The last six weeks have been a complete blur – I’ve been working almost full time, written/submitted/received my first MA assignment and have had numerous miscellaneous events ongoing, thus any time for reading has vanished from my grasp. Today I have my only day off this week, and I made the most of it by finishing my 56th book of the 2015 Reading Challenge: ‘To Kill A Mockingbird’ by Harper Lee, fulfilling #18 A Pulitzer Prize winning book.
My Goodreads Review
“‘To Kill A Mockingbird’ by Harper Lee tells the story of 1930s America through the eyes of a six-to-nine year old girl. The message that seems to flow through the novel is that both good and evil can be found in the most unlikely of places, and one can never assume anything about anybody.
The plot itself is loose. It follows the day-to-day life of Scout Finch, her brother Jem, and their lawyer father Atticus. It tells the story of the children growing up with a well respected father in a small-town environment, where gossip spreads quickly and everybody is invested in everybody else’s business. The story ultimately culminates with Atticus defending Tom Robinson, a black man accused of the rape of a white girl, and the pandemonium that ensues as a result of the outcome.
Whilst the pace is slow, the character development was excellent, as was the ability to see the lack of equality demonstrated through the innocent eyes of a child. The conclusion of the novel was interesting, and there are certainly plenty of lessons to be learnt from this eye-opening piece of literature.”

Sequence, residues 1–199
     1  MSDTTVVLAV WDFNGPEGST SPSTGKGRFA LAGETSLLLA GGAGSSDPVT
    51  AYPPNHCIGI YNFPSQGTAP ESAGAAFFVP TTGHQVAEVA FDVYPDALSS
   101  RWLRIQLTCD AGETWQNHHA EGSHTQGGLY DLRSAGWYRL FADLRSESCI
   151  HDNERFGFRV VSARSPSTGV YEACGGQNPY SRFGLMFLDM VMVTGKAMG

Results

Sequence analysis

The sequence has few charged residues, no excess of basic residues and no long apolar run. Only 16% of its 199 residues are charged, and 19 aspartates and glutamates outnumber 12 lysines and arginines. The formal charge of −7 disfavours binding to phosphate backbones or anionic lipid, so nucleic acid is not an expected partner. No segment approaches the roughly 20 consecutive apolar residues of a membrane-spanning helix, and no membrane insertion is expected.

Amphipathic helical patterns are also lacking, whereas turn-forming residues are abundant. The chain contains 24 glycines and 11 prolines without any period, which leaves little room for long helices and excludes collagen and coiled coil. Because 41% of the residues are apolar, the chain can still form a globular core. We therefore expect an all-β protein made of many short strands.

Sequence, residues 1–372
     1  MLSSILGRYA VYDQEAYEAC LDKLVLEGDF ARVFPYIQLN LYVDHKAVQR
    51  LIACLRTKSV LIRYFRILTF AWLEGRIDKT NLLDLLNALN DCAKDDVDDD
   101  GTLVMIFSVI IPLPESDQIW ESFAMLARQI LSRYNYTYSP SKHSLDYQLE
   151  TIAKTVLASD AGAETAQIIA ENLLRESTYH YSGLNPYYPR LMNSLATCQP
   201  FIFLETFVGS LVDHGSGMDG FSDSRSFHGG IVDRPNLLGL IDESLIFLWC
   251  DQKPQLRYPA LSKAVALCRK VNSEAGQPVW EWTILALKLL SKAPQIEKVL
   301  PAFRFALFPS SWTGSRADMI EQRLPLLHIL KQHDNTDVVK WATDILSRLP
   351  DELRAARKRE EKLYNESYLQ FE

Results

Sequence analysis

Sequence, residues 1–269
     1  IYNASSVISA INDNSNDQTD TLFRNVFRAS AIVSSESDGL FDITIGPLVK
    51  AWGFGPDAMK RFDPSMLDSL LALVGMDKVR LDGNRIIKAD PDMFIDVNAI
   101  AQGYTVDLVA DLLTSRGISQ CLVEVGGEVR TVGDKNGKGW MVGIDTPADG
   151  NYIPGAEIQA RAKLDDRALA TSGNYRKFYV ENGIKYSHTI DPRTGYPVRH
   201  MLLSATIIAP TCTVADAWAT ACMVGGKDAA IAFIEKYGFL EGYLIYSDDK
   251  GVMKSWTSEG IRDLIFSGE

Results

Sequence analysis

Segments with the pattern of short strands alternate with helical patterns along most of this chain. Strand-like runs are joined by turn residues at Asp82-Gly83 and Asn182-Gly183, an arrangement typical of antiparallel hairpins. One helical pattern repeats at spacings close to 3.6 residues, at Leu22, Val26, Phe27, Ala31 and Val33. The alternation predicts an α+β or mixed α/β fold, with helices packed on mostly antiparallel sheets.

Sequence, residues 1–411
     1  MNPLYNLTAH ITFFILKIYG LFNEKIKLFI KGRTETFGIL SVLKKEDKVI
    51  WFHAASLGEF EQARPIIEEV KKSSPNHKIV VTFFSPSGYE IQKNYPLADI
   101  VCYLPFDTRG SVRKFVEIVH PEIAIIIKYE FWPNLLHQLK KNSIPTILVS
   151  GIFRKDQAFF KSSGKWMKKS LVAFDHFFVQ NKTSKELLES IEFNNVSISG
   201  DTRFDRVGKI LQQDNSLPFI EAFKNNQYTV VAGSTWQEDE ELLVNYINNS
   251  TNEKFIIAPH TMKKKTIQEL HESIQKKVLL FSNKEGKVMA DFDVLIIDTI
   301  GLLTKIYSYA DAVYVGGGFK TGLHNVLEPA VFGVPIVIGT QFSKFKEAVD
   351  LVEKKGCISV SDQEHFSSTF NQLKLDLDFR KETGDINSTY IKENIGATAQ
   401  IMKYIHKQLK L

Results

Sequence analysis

I’m not really sure what I was expecting from this novel – I went into it pretty much blind, and I found that it was an interesting tale about segregation. I listened to the audiobook which I found fascinating, as it was delivered in a Southern accent – this definitely aided my ability to understand the time period and the general opinions of people. However, I wouldn’t say that the novel had a profound effect on me, but I am certainly glad I read it.
“Until I feared I would lose it, I never loved to read. One does not love breathing.”
#18 A Pulitzer Prize winning book – To Kill A Mockingbird by Harper Lee (6/10)
Thirty-nine down, eleven to go. (Fifty-six read)
My journey will also be instagrammed frequently on @charlottebibliophile